Caring for Someone with EDS

Caregivers are special members of our Ehlers-Danlos Syndrome (EDS) families. Being a Caregiver is a demonstration of love and loyalty. You may be a parent, spouse, child, or have another special relationship to an EDSer who needs your care. Most of us never got training in being a Caregiver. You may believe a Caregiver needs to be a medical expert who knows all, a superhero who can do all, and a saint who can always be cheerful. However, Caregivers are human with all the skills, emotions, and experiences that entails. You have the ability to be the Caregiver your loved one needs.

But how do you care for someone with EDS and care for yourself too?

Tip #1: Learn all you can about EDS and how it presents in your loved one. This will help you learn what your EDSer is experiencing. Does she have joint problems? Does she have digestive issues? Your knowledge about EDS will help if you accompany her to doctor appointments, talk with family or friends, and research symptom treatment or management options. Learning about EDS will also help you and your loved one talk about what she is experiencing. You can learn about EDS from sources like this website, medical journal articles, and from others with EDS on message boards like ours (

Tip #2: Watch, listen and communicate. Your loved one with EDS will likely say or show you what he needs. There will be days when what he needs most is simply for you to believe he is in pain, fatigued, or experiencing symptoms making him feel awful. There will be days when your loved one needs you to encourage him to be more independent and to problem-solve ways or tools to help. There will be days when he needs time completely alone, maybe in a dark room curled up in bed. And there will be days when your loved one wants to be seen as “normal” but may need your help how to pace activities. Neither you nor your EDSer are mind readers so you both need to ask and explain. If you are uncertain what your loved one needs – ask. If your EDSer does not understand what you are doing, explain in a matter-of-fact manner. Two-way communication is crucial.  If needed, a professional counselor can help you both increase your skills to have these important, honest conversations. Remember that your loved one is more than his EDS (separate who he is as a person from his EDS) and you are more than his Caregiver (separate your role from who you are as a person). While it is necessary to talk clearly about EDS, it is equally necessary to set times when EDS is not discussed. Having open, frequent communications between you and your loved one will help you be a better Caregiver and both of you will feel better understood and supported.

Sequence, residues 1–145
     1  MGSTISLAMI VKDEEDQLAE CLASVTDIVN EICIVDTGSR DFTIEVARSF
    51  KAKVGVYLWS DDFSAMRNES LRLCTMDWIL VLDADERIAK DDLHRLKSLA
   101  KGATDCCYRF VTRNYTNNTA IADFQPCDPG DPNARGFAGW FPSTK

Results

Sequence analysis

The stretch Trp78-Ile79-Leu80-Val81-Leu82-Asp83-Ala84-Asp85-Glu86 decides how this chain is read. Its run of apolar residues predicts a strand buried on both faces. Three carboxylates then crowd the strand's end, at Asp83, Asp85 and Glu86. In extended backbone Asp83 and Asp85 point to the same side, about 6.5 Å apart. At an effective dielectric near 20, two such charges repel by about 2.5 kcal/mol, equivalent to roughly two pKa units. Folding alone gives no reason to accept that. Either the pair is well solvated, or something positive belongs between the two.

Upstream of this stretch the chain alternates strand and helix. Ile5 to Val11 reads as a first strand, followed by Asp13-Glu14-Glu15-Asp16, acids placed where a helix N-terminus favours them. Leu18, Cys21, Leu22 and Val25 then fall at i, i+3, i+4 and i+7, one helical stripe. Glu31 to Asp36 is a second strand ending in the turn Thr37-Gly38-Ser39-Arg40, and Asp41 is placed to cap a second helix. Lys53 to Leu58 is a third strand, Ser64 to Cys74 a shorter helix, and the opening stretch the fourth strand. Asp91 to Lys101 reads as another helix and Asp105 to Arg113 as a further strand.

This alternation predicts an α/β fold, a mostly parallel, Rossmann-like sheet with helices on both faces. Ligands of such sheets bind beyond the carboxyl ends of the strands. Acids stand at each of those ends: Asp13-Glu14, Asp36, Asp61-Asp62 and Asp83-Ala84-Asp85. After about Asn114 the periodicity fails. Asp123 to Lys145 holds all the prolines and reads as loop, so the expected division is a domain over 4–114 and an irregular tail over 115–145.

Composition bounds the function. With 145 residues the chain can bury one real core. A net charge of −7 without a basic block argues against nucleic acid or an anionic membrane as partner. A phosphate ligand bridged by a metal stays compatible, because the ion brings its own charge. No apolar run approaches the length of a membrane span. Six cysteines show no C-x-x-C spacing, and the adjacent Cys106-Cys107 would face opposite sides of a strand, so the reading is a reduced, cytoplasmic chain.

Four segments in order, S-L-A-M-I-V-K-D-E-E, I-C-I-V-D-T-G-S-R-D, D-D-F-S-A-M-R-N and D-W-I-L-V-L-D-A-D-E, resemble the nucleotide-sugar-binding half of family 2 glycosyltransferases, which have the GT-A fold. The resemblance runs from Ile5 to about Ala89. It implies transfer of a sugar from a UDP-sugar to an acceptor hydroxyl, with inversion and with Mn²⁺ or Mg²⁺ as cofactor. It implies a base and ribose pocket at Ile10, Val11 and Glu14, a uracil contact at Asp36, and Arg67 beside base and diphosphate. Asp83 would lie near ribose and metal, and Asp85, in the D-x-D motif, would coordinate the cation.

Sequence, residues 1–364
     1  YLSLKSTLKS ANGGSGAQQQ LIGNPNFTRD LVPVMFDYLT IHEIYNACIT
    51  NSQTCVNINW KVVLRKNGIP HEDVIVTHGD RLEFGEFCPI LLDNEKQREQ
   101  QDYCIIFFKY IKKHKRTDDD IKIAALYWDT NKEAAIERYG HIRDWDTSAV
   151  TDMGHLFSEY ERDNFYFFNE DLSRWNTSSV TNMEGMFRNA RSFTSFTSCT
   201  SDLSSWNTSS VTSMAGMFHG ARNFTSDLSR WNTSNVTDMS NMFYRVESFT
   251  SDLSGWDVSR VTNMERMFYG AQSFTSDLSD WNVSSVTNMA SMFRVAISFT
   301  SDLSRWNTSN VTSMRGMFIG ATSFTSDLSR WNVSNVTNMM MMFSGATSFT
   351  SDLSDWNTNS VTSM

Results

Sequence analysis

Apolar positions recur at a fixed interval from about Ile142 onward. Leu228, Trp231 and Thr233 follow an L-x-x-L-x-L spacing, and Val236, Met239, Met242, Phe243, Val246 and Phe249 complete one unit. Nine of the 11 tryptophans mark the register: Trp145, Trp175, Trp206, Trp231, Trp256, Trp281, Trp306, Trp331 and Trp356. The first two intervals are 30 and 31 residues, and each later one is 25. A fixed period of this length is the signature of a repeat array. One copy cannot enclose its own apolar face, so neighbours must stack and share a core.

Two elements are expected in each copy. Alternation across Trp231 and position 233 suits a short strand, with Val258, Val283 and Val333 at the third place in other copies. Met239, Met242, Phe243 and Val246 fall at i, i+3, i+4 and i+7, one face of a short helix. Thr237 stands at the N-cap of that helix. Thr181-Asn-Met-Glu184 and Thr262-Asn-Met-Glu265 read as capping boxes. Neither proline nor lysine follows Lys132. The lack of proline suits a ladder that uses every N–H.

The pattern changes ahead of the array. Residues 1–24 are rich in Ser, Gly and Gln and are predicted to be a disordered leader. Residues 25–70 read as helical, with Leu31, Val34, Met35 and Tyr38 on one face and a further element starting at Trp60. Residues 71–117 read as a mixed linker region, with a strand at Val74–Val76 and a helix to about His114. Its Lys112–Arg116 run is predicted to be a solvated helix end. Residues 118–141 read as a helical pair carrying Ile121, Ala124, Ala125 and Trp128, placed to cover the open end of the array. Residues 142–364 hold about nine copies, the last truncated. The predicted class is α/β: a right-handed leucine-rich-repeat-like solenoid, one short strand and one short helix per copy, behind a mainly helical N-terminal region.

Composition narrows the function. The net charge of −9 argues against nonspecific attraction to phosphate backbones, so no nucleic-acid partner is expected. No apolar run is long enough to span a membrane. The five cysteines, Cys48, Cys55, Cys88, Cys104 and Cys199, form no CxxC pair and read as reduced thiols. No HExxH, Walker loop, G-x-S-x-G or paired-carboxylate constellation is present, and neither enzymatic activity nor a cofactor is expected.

Tip #3: Accept your feelings. Being a Caregiver can be hard work and it is perfectly normal for you to have feelings like anxiety, anger, grief, or guilt. Understand that your feelings are neither good nor bad; they are your feelings and need to be felt. Some find talking with other Caregivers in a support group helpful while others use journaling to express their feelings. There are family, friends, community groups, faith-based resources, professional counselors, and online forums you can use for more tips and strategies.

Tip #4: Take care of yourself. You cannot be an effective Caregiver for your loved one if you do not take care of yourself every day. This means eating healthfully, getting quality sleep, exercising regularly, and taking care of your own medical needs. But it also means nurturing more than just your body. Take time for yourself each day relaxing, doing something you enjoy, and connecting with what is important to you. Maybe you have a hobby or are part of a book club. Or perhaps a good nap or meditating restores your balance. Make this time for yourself each day. It is also important to seek social connections for both you and your loved one. These may be with your best friends, a group you belong to, cultural events in your community, the regulars at a neighborhood coffee shop, or wherever you are with others you enjoy. Being around other people can help you cope better with the responsibilities of being a Caregiver. Use community resources when needed and accept help from others. You cannot be the Caregiver you want to be if you do not take very good care of yourself physically, emotionally, and socially.

Tip #5: Remember that life is more than EDS. You can help create opportunities for humor, adventures, problem-solving, and discussions that have nothing to do with EDS. Have conversations and show what you love about her personality, intelligence, outside interests, or passions. Have your loved one help make important decisions. Plan activities that are EDS-friendly so you both can have fun but not make her EDS worse. Allow your EDSer to help you when you need help. Celebrate what you both love about life and about each other – knowing that EDS is just one aspect in your lives.

Being a Caregiver may feel overwhelming at times. There will be good days and bad days. But if you follow these tips and work together, you will find that Caregiving can be rewarding for both you and your EDSer.

Thank you to Shani Weber for providing content for this page.